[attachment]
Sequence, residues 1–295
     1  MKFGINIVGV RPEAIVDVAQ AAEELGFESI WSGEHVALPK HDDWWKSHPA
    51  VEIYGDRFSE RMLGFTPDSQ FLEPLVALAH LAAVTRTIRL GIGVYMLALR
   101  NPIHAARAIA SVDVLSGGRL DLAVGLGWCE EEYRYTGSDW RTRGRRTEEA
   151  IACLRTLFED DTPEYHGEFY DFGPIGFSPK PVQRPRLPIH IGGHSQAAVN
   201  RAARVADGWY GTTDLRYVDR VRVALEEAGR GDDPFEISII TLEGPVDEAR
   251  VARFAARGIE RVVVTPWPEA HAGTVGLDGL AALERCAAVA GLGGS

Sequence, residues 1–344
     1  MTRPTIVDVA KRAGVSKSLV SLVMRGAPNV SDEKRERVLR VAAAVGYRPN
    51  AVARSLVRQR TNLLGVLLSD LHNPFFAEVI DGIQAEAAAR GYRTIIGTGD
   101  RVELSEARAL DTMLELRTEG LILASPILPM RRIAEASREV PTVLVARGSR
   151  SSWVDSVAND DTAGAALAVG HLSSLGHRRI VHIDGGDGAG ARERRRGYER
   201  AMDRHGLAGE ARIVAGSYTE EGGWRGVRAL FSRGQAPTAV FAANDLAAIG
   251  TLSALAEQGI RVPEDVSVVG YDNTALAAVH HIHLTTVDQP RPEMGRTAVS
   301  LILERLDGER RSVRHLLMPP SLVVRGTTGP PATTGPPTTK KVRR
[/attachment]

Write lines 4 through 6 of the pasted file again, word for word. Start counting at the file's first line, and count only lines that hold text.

   101  NPIHAARAIA SVDVLSGGRL DLAVGLGWCE EEYRYTGSDW RTRGRRTEEA
   151  IACLRTLFED DTPEYHGEFY DFGPIGFSPK PVQRPRLPIH IGGHSQAAVN
   201  RAARVADGWY GTTDLRYVDR VRVALEEAGR GDDPFEISII TLEGPVDEAR